• Abstract: We combine newly created data on per student government expenditure on children in government elementary schools across India, data on per student expenditure by households on students attending private elementary schools, and the ASER measure of learning achievement of students in rural areas. The combination of these three sources allows us to compare both the “accounting cost” difference of public and private schools and also the “economic cost”—what it would take public schools, at their existing efficacy in producing learning, to achieve the learning results of the private sector. We estimate that the “accounting cost” per student in a government school in the median state in 2011/12 was Rs. 14,615 while the median child in private school cost Rs. 5,961. Hence in the typical Indian state, educating a student in government school costs more than twice as much than in private school, a gap of Rs. 7,906. Just these accounting cost gaps aggregated state by state suggests an annual excess of public over private cost of children enrolled in government schools of Rs. 50,000 crores (one crore=10 million) or .6 percent of GDP. But even that staggering estimate does not account for the observed learning differentials between public and private. We produce a measure of inefficiency that combines both the excess accounting cost and a money metric estimate of the cost of the inefficacy of lower learning achievement. This measure is the cost at which government schools would be predicted to reach the learning levels of the private sector. Combining the calculations of accounting cost differentials plus the cost of reaching the higher levels of learning observed in the private sector state by state (as both accounting cost differences and learning differences vary widely across states) implies that the excess cost of achieving the existing private learning levels at public sector costs is Rs. 232,000 crores (2.78% of GDP, or nearly US$50 billion). It might seem counterintuitive that the total loss to inefficiency is larger than the actual budget, but that is because the actual budget produces such low levels of learning at such high cost that when the loss from both higher expenditures and lower outputs are measured it exceeds expenditures.
  • Topic: Economics, Education, Privatization, Reform
  • Political Geography: India, Asia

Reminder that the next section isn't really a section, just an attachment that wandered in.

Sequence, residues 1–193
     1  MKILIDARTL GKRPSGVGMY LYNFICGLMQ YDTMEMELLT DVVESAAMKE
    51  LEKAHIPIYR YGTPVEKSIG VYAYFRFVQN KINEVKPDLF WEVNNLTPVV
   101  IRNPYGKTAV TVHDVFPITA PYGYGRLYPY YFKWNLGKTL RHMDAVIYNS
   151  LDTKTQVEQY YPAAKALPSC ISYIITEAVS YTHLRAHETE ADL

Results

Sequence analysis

• Author: Jonah Busch, Scott J. Goetz, Matthew Hansen, Richard A. Houghton, Wayne Walker, Nadine Laporte
  • Publication Date: 12-2014
  • Content Type: Working Paper
  • Institution: Center for Global Development
  • Abstract: This paper presents an overview of the state of measurement and monitoring capabilities for forests in the context of REDD+ needs, with a focus on what is currently possible, where improvements are needed, and what capabilities will be advanced in the near-term with new technologies already under development. We summarize the role of remote sensing (both satellite and aircraft) for observational monitoring of forests, including measuring changes in their current and past extent for setting baselines, their carbon stock density for estimating emissions in areas that are deforested or degraded, and their regrowth dynamics following disturbance. We emphasize the synergistic role of integrating field inventory measurements with remote sensing for best practices in monitoring, reporting and verification. We also address the potential of remote sensing for enforcing safeguards on conservation of natural forests and biodiversity. We argue that capabilities exist now to meet operational needs for REDD+ measurement, reporting, and verification (MRV) and reference levels. For some other areas of importance for REDD+, such as safeguards for natural forests and biodiversity, monitoring capabilities are approaching operational in the near term. For all REDD+ needs, measurement capabilities will rapidly advance in the next few years as a result of new technology as well as advances in capacity building both within and outside of the tropical forest nations on which REDD+ is primarily focused.
  • Topic: Climate Change, Environment, Natural Resources